Predictive models for MPXV reservoir species in Tropical Africa. Maxent predictions of MPXV reservoir species occurrence under contemporary climate conditions, using climate variables as predictor, and averages for eight climate change scenarios each for the periods 2050–2060 and 2080–2090.

doi:10.1371/journal.pone.0066071.s002

(PDF)

Figure S3.

Predictive models for human MPX in Tropical Africa. Maxent predictions of human MPX occurrence under contemporary climate conditions, using different environmental variable sets as predictors: reservoir species (based on climate and remote sensing variables) plus climate and remote sensing variables; reservoir species (based on climate and remote sensing variables); reservoir species (based on climate variables) and climate variables; reservoir species (based on climate variables). For each model, all ‘features’ were allowed to be used in Maxent (“auto features”, i.e. linear and quadratic coefficients can be used for each predictor, as well as step functions and interactions).

doi:10.1371/journal.pone.0066071.s003

(TIF)

Figure S4.

Future projections for human MPX occurrence under different climate change scenarios for 2050 (first eight panels) and 2080 (second set of eight panels). Current reservoir species distributions were first projected onto future climate variables. The resulting future reservoir species distributions were subsequently used to estimate the future human MPX distributions.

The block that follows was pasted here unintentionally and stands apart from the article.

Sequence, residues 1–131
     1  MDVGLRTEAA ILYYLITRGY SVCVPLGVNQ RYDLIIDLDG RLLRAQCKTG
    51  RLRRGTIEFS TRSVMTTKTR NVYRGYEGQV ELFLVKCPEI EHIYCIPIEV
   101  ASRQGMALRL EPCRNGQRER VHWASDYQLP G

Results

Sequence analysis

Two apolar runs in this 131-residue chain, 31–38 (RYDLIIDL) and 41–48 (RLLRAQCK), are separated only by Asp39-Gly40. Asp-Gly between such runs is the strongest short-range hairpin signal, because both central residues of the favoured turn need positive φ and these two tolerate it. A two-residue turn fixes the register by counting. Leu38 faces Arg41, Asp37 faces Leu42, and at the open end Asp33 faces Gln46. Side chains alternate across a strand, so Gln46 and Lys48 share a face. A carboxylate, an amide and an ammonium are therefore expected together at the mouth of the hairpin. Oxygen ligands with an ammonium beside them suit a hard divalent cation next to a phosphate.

doi:10.1371/journal.pone.0066071.s004

(TIF)

Figure S5.

Spatial distribution of MPX occurrences in Sankuru showing overlap with (a) land cover types and (b) areas deforested since 2000.

doi:10.1371/journal.pone.0066071.s005

(TIF)

Figure S6.

Climatic and land cover variables used in the local scale study of MPX transmission. (a) correlation between maximum water deficit (MWD) and the Atlantic Multidecadal Oscillation (AMO), (b) temperature of the wettest quarter, (c) temperature of the coldest quarter, (d) canopy moisture defined as maximum Ku band radar backscatter minus minimum backscatter (units: dB), (e) forest cover. The polygons outlined in black in panel (a) represent secteurs identified as primary or secondary hotspots of MPX.

doi:10.1371/journal.pone.0066071.s006

(TIF)

Figure S7.

Association between climate and MPX genotypes in DRC at the national scale. MWD = maximum water deficit. AMO = Atlantic Multidecadal Oscillation.

doi:10.1371/journal.pone.0066071.s007

(TIF)

Figure S8.

Land cover map of our study area. Hatched areas indicate a predicted increase in human MPX occurrence under the multi-model ensemble climate change scenarios for 2050–2060 (horizontal) and 2080–2090 (vertical).

doi:10.1371/journal.pone.0066071.s008

(TIF)

Figure S9.

Plots of percent tree cover versus the predicted average increase in probability of human MPX occurrence for 2050 and 2080. Small increases in human MPX occurrence are predicted in both savanna and forest habitat types, but the largest increases are mainly located in forest areas.

doi:10.1371/journal.pone.0066071.s009

(TIF)

Table S1.

Intergovernmental Panel on Climate Change (IPCC) scenarios examined for Central Africa.

doi:10.1371/journal.pone.0066071.s010

(DOCX)

Text S1.

Estimation of Maximum Water Deficit, a measure of canopy moisture, in central DRC using remote sensing.

doi:10.1371/journal.pone.0066071.s011

(DOCX)

Text S2.

Spatial autocorrelation and spatial dependence.

doi:10.1371/journal.pone.0066071.s012

(DOCX)

Acknowledgments